The first year of the MBE program consists of four contact modules featuring national and international faculty, and a distance learning component between contact sessions. The contact sessions are taught at CBEC in which MBE and Postgraduate Diploma in Bioethics students attend the same courses, seated around the table. The duration of the first three modules is approximately 2 weeks, while the last module is generally shorter. For MBE students, onsite learning is interspaced with reading, research and assignments in the intervening months.
The Foundations Module is taught over 2 weeks. It introduces students to the philosophical background of human moral thought extending from the Greeks to modern ethics. Other sessions cover the basics of moral traditions in different religions including Islam, historical interactions between ethics and law using paradigm legal cases, the evolution of contemporary bioethics and its globalization, and the importance of humanities (art and literature) in reflecting and shaping indigenous values in a society.
- Research and Public Health Module
The second module is taught over 2 weeks. It is devoted to ethical issues involving human subject research and public health. Students are introduced to international guidelines for ethical research and the specific challenges of conducting ethical research within developing countries. Sessions are devoted to the functions of Institutional Review Boards/ Ethics Review Committees, and issues of conflicts of interest including those during interactions with the pharmaceutical industry.
The third module, taught over 2 weeks, focuses on clinical ethics and highlights complex dilemmas emerging with the advances in biomedical science and technology. Case scenarios and discussions are employed to help familiarize students with ethical questions related to reproduction, genetics, end of life issues, organ donation, modern healthcare and practice among others. Workshops focusing on the basics of hospital ethics services and communication skills also form a core component.
The fourth and last module, spread over 5-6 days, provides students with a broad overview of ethical and legal debates pertaining to gender rights and relationships within societies with special attention to laws relating to women in Pakistan. Sessions also highlight the role of religion, including Muslim jurisprudence, in defining gender roles and its tensions with the human rights paradigm.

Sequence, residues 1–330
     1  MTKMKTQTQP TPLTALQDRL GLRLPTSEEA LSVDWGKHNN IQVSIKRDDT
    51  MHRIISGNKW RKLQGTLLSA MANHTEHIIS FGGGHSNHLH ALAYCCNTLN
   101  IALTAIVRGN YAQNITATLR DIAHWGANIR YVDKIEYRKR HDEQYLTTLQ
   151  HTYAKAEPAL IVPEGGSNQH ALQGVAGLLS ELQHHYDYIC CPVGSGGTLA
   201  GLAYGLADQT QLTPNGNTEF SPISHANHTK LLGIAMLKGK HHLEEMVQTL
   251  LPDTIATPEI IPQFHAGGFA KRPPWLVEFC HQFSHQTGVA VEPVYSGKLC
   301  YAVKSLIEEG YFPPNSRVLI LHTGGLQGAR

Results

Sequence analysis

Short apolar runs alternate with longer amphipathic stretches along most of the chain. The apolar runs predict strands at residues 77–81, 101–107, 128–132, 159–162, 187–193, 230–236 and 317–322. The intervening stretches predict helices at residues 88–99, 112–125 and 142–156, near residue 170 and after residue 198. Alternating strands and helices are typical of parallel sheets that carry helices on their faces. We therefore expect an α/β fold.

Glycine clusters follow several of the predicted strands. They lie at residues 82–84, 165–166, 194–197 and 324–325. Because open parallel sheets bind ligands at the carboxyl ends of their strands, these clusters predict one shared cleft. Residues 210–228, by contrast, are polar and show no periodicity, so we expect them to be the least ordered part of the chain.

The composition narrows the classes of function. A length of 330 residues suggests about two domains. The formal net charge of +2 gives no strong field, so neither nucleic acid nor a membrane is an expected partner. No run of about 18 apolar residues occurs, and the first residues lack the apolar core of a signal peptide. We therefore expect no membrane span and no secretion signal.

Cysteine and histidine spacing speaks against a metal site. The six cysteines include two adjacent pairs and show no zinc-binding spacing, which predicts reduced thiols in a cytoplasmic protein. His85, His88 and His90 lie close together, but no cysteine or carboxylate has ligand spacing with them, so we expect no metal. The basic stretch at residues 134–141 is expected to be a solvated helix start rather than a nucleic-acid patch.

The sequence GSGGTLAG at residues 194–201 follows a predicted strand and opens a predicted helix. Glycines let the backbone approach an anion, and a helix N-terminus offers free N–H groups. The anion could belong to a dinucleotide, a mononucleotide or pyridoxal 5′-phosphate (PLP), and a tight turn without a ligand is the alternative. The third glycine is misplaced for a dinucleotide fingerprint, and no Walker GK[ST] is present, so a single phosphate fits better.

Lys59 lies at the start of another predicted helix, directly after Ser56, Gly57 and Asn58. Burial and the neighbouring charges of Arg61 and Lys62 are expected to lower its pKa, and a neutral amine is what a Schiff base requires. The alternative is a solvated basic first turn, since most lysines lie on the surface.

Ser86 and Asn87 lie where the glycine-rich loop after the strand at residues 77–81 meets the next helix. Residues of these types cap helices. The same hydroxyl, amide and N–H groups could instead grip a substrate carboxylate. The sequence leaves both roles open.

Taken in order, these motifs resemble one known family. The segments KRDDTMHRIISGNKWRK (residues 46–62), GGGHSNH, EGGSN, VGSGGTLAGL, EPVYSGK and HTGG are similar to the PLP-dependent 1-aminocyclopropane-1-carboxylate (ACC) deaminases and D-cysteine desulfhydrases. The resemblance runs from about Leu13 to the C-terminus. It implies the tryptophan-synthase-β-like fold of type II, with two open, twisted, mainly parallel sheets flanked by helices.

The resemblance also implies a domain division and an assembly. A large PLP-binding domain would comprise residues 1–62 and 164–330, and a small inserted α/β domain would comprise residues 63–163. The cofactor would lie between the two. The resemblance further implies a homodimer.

Between modules, MBE students are required to contribute brief postings, commentaries or discussion points on the CBEC “Bioethics Blog” which is moderated by CBEC faculty. In addition, they are assigned extensive reading material for module coursework and MBE seminars. In the away period, MBE students also engage in in-depth research for written assignments related to courses taken and for MBE teaching sessions.
Adult learning methodologies are employed in all four modules, with an emphasis on discussion rather than didactic lectures. In addition to tools such as small group work and role play, movies and examples from art and literature are also included to highlight and discuss various ethical themes. MBE Seminars are sessions specifically conducted for MBE students in which course faculty joins students in examining issues in greater depth. In the last three modules, MBE students are also assigned topics to research and teach to the class.
Within modules, MBE students are graded on quizzes, end of module tests and teaching sessions led by MBE students on assigned topics. Students are also assessed based on their participation in class discussions based on which they are provided extensive feedback by the faculty.
Faculty evaluate and provide extensive critique on the arguments and analysis presented in Bioethics Blog postings and comments made by students. In addition, during the away periods, MBE students are required to submit mandatory ‘take home’ written papers connected to module courses which are graded by faculty. These assignments can include material covered during the previous module and critical review of new materials sent to the students, which may include articles, book chapters, books, etc.
The second year of the MBE program is devoted to conducting original research leading to a 15,000 to 18,000 worded thesis. The thesis, due no later than October of the second year, must be approved by the Thesis Review Committee in order for students to be awarded the MBE degree. Research conducted must be original in nature involving either one or a combination of qualitative, empirical, and quantitative methodologies. Comprehensive literature review and analysis of a suitable, ethics-related topic are also acceptable for the thesis. Students are provided with faculty supervisors to guide their research and thesis writing.